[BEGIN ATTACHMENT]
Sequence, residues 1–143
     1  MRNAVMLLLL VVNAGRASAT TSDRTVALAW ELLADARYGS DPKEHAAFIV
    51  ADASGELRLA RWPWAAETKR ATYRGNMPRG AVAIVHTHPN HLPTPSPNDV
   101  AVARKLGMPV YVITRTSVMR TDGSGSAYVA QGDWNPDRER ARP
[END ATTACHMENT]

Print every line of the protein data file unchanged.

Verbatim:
Sequence, residues 1–143
     1  MRNAVMLLLL VVNAGRASAT TSDRTVALAW ELLADARYGS DPKEHAAFIV
    51  ADASGELRLA RWPWAAETKR ATYRGNMPRG AVAIVHTHPN HLPTPSPNDV
   101  AVARKLGMPV YVITRTSVMR TDGSGSAYVA QGDWNPDRER ARP